New survey shows that the sharp rise in oil prices is a key factor in improved sentiment across the Middle East
Business confidence in the UAE rose to its highest level for three years in the second quarter of 2018, according to a new survey.
The latest edition of a survey by the Association of Chartered Certified Accountants (ACCA) and IMA Global Economic Conditions showed that across the Middle East and in the UAE, confidence rebounded to its highest level since Q2 2015.
It said the key factor behind the recovery in confidence is the sharp rise in the oil price, which peaked at $80 per barrel in late May, compared with a low of just $35 per barrel at the start of 2016.
This has resulted in an increase in revenues coupled with the introduction of VAT in the UAE and Saudi Arabia, which has led to an ease in fiscal austerity, it added.
Lindsay Degouve de Nuncques, head of ACCA Middle East, said: "The economic outlook across the Middle East and the UAE will continue to be driven mostly by the oil price and changes in fiscal policy.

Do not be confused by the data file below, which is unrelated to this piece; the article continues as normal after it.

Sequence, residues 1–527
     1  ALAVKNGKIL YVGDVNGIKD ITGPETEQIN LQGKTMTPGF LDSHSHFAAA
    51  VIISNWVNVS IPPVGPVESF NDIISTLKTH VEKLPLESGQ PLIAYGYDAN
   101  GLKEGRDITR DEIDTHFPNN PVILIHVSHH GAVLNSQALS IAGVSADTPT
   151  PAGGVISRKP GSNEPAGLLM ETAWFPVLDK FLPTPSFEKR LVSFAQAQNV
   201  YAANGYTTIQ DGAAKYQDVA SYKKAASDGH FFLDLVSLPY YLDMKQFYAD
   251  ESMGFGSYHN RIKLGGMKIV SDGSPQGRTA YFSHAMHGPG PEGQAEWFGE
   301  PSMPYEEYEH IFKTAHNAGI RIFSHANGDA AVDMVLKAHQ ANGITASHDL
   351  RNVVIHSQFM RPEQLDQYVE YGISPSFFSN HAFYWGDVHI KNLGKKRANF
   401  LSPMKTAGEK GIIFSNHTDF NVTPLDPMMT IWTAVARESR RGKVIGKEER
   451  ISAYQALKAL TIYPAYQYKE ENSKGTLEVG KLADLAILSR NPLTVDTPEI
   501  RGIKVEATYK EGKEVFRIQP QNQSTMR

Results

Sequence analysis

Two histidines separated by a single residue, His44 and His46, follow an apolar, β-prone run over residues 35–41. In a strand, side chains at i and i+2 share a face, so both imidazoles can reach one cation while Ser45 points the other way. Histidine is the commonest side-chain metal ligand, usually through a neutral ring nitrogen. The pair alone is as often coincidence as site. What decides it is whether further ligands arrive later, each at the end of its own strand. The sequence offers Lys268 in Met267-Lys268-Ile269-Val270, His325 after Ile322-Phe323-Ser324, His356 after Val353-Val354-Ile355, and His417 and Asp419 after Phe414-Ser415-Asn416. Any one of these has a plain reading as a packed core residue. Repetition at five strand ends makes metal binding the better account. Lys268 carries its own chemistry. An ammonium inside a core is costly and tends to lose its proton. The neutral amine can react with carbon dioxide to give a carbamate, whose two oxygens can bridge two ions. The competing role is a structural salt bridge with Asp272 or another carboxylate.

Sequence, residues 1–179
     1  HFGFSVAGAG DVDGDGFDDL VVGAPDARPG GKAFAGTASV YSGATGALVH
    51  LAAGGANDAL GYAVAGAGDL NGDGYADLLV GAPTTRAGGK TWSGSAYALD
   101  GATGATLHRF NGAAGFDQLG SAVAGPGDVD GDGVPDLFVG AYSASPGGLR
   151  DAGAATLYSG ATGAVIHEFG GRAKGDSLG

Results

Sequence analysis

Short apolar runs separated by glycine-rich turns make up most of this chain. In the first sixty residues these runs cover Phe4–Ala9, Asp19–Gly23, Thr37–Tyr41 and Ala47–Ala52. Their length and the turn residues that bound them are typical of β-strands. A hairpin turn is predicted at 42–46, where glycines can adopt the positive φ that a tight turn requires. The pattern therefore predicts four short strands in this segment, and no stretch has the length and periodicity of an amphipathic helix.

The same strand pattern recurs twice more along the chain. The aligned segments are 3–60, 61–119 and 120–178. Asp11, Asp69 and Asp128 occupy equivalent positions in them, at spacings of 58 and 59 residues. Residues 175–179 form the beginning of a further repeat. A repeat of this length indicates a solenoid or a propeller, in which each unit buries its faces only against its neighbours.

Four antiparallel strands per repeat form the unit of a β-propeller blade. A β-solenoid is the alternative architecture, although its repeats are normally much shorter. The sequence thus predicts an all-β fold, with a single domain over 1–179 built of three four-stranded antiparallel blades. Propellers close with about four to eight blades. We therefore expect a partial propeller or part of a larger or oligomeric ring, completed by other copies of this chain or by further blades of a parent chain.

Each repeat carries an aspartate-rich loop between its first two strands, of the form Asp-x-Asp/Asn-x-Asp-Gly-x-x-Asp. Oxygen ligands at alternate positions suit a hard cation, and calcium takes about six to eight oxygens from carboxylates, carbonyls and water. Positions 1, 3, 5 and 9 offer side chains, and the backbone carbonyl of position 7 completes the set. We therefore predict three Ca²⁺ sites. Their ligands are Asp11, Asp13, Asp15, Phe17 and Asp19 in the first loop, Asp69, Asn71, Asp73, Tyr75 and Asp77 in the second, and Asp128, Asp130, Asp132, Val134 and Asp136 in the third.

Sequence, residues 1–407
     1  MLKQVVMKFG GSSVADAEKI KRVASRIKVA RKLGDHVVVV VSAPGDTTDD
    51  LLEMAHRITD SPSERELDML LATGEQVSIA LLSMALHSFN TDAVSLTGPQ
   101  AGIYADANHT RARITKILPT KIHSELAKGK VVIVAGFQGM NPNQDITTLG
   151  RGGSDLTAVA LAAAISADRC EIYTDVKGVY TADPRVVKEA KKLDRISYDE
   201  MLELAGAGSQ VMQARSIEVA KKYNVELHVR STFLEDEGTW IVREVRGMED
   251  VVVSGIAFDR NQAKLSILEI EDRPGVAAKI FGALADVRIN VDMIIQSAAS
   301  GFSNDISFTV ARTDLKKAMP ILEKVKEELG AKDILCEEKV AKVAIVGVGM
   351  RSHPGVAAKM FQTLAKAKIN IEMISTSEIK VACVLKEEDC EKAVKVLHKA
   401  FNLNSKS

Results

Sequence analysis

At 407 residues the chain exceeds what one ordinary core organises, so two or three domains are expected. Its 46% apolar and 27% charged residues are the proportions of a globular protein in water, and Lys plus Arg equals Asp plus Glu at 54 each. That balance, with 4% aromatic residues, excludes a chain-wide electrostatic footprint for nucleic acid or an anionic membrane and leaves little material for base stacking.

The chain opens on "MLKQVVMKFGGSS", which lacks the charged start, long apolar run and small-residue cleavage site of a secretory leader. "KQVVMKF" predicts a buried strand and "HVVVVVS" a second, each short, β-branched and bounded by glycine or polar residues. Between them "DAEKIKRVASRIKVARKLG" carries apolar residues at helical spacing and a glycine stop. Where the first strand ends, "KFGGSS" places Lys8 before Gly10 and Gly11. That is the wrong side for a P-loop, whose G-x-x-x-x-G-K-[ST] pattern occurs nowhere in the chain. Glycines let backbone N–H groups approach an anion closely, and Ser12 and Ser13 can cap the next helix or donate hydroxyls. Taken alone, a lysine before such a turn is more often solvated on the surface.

The recent OPEC deal, which was agreed in late June and saw member countries agree to raise production, is likely to depress prices over the coming months, however with VAT being introduced across the GCC - with the UAE and Saudi Arabia live - it will relieve the pressure that was once felt prior to this fiscal policy being introduced, which will continue to provide economic relief and reduce further oil price dependency on economic growth.
"It’s good to see the improvement in confidence across the Middle East region, and while oil prices are a key factor behind this, expenditure for the 2020 World Expo in Dubai has also helped, along with an easing of austerity, but this diverse region is not immune from global economic shocks and therefore it is advisable that businesses should not be complacent."
The survey cautioned that the introduction of VAT at the start of 2018 in the UAE has pushed up inflation, which will weigh on growth by depressing consumers’ purchasing power.
It added that higher interest rates in the US will also drag on prospects because the UAE’s exchange rate is pegged to the US dollar and local interest rates closely track those in the US.
Globally, the survey said the economic recovery that started in late 2016 is starting to slow down and lose momentum, with confidence in Q2 dipping from its Q1 high.
Although it remains high by recent standards, the slight fall in confidence reflects increasing fears of a trade war between the US and China. This continues to effect global outlook, with China’s economic sentiment falling sharply.